On the one-year anniversary of his
inauguration, Barack Obama remains stuck in the rhetorical trap left by
his predecessor. While he has committed himself to closing down the war
in Iraq, he has only escalated the war in Afghanistan and, most
ominously, embraced the misguided Bush-era label of the “War on Terror.”
It is long past time to acknowledge that
declaring “war” on terror, while it served to mobilize patriotic
sentiment in the aftermath of 9/11, is a mistake, and to commit
ourselves to ending it. This is not to say that we do not need to be
vigilant and use every means to make our country more secure. It is
simply an acknowledgement that a security policy that makes military
action central is not the most effective way to make us safer.
Especially when the real enemies who seek to do us harm do not behave
like typical military entities.
I have a very large dog named Pete. He
sleeps in my bedroom, circled in on himself in a very narrow sliver of
wooden floor between the closet and the bedside. There is barely enough
room for him to sleep, much less turn around his mostly Newfoundland
torso. Pete is loyal and devoted to the safety of our family members.
Somewhere in his walnut-sized brain he has decided that the best way to
keep us safe it to get up in the middle of the night and bark like a
crazed wolf at passing snowplows.
Pete has declared war on snowplows.
Watching him rise to his feet and struggle to turn and make his way out
of the room in the dark whenever a snowplow goes by is an awkward and
disturbing event. Most times the plow has passed and the street has
returned to quiet before he makes his way to the window to bark loudly
into the night. You just can’t move a body that big fast enough to be
effective. By the time you do get up and going, everyone in the county
knows you’re afoot.
I don’t know what instinct urges him on,
but it is very clear that he feels compelled to take action whenever a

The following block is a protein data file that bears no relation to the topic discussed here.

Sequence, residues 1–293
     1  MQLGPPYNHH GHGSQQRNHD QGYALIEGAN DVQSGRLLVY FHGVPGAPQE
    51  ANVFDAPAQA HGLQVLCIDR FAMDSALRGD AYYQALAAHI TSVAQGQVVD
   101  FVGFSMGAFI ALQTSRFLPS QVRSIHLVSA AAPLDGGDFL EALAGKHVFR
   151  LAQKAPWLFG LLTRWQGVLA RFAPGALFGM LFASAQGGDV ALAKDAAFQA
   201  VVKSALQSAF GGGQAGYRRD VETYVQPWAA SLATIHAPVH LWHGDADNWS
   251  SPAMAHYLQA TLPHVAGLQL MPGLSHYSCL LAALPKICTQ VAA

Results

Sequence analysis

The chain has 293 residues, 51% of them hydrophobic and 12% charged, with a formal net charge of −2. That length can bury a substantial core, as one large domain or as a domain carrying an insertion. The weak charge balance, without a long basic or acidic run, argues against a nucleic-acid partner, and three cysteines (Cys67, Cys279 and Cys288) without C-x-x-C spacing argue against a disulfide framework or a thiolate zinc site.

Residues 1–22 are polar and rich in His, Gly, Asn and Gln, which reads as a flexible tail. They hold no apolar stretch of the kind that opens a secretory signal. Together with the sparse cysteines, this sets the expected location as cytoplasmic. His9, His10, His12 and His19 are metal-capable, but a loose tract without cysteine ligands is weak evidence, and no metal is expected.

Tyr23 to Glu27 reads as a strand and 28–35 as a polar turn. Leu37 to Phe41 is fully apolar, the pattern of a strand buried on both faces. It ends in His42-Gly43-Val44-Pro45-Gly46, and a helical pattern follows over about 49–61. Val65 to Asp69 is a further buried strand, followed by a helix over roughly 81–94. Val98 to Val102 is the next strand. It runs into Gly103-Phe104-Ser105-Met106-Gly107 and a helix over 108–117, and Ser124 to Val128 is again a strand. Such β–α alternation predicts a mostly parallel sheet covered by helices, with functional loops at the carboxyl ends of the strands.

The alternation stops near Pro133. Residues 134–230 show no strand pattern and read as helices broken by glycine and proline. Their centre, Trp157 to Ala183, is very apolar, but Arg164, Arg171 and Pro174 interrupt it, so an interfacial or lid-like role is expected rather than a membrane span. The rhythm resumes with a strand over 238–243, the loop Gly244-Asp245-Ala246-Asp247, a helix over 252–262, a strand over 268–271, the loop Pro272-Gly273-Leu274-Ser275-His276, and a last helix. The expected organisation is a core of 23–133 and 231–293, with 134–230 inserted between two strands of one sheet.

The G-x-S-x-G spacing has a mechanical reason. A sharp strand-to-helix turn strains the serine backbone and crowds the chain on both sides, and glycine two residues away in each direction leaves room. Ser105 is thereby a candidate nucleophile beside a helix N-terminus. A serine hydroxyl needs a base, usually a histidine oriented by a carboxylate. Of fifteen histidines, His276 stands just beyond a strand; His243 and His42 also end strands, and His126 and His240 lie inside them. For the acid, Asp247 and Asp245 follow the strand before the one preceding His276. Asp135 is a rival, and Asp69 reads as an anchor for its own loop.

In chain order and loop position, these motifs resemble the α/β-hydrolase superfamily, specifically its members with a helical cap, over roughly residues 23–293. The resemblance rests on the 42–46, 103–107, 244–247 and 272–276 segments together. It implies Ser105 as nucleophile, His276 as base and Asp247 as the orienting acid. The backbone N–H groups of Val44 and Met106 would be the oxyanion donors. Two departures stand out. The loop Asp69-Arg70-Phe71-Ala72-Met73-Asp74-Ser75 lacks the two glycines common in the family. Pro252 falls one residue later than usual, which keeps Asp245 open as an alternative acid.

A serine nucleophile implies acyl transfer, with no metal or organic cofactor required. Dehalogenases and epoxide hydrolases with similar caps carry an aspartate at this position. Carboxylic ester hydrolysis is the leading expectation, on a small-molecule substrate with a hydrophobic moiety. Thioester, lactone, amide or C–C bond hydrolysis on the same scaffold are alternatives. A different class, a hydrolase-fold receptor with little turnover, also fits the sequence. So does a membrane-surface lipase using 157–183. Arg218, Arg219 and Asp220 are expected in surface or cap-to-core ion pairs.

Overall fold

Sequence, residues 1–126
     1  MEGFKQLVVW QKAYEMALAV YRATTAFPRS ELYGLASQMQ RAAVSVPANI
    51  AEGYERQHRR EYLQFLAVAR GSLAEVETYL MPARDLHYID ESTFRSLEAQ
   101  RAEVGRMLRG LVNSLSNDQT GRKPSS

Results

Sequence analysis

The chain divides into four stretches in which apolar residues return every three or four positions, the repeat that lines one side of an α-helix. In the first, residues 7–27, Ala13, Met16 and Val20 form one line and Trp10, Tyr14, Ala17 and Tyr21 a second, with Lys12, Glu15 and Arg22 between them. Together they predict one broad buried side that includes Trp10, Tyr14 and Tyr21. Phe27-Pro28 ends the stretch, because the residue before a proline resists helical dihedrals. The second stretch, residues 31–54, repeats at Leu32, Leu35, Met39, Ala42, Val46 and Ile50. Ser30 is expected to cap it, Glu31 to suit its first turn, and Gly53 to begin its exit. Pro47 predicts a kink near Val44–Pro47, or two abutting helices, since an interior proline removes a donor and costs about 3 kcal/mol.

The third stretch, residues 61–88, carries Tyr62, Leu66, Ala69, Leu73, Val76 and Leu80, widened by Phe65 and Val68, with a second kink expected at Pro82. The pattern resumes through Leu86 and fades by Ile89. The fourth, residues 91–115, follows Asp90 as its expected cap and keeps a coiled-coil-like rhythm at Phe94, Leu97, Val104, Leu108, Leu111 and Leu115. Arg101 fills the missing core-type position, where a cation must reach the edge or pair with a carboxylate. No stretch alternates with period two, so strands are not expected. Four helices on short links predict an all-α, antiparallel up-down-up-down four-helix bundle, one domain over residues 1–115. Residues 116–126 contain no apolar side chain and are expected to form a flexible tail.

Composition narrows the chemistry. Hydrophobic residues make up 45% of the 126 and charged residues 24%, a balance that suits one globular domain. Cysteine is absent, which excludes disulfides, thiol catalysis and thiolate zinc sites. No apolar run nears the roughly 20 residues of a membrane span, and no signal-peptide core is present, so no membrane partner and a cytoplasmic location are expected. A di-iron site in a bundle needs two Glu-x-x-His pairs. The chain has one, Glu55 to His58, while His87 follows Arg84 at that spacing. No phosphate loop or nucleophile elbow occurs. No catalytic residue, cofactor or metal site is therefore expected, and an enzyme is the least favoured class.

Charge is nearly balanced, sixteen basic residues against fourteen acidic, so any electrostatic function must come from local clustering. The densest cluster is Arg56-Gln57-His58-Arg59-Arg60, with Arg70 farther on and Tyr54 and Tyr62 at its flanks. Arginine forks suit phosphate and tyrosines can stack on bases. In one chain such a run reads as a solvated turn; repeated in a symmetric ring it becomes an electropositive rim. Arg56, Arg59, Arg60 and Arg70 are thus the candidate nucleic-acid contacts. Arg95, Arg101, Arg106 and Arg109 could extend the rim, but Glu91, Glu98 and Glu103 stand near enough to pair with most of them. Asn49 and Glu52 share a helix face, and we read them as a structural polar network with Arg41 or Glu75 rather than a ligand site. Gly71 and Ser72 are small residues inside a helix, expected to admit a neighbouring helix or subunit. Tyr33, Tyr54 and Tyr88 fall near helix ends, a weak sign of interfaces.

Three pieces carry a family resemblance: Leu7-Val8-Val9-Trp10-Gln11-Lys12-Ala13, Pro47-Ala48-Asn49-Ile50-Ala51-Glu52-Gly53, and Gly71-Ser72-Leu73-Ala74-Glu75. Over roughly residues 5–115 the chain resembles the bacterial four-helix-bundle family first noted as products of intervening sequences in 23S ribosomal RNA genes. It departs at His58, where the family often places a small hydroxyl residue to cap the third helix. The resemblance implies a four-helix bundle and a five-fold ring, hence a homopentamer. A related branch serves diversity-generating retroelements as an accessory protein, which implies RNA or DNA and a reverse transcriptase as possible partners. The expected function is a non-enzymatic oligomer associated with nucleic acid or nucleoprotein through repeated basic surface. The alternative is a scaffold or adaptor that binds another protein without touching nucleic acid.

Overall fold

snowplow barrels down the road. Fortunately he is indoors at night and,
thus, cannot harm himself or others.
On the other hand I have two cats. I
don’t like the cats much, but many in my family do. Cats, of course,
resemble terrorists much more closely than the cumbersome members of
the canine species. Cats are sneaky, patient and oh so nimble in ways
that dogs, had they the wits, would envy.
Were I to plaster my lawn with signs
saying “Support the Newfs” it would no doubt make me feel better and
elicit nods of support from the neighbors as they drive by, but it
wouldn’t make the dog any quicker or the mission of barking at
snowplows any more sensible. It wouldn’t make Pete more stealthy than
The use of war as the central metaphor
in our confrontation with Islamic extremism just doesn’t help us grasp
what must be done. It only helps further the likelihood that we will
find ourselves militarily involved in more places around the globe, in
effect sending more of our young people to be targets and giving
genuinely bad people more means of recruiting converts to their cause.
Witness the latest attempt to attack an
American city. The bomber who tried to take down an airplane over
Detroit was a Nigerian man affiliated with a Yemen-based terrorist
group, al-Qaida of the Arabian Peninsula. By the logic Obama has
succumbed to regarding Afghanistan, you have to wonder if and when we
will be invading Nigeria, or Yemen.
If we look at countries that have faced
significant terrorist threats in the recent past—Britain and Israel
chief among them—they adopted a number of measures but never declared a
war on terror. Terror is a tactic, and you can’t declare war on a
President Obama took his inherited war
in Afghanistan and stamped his own name on it by announcing two
escalations involving tens of thousands of additional U.S. troops
headed to that nation. Many of those troops will come from Fort Drum,
just to our north.
Terrorism can’t be stopped by plopping a
large army down in a desert or a hostile mountain range. Terrorism
doesn’t fight fixed battles with fixed positions.
Conservatives like to pick on Obama,
charging that he conceives of the problem of terrorism as essentially
one of law enforcement. Obama correctly pointed out that the Christmas
Day near-miss was caused by a failure of several of our intelligence
agencies to enforce laws and ban the bomber from that flight, but he
did not refute their choice of words. For this we will pay a heavy
price. I say it’s time to call off the dogs. Mr. President, send in the
Read Ed Griffin-Nolan’s award-winning commentary every week in the Syracuse New Times.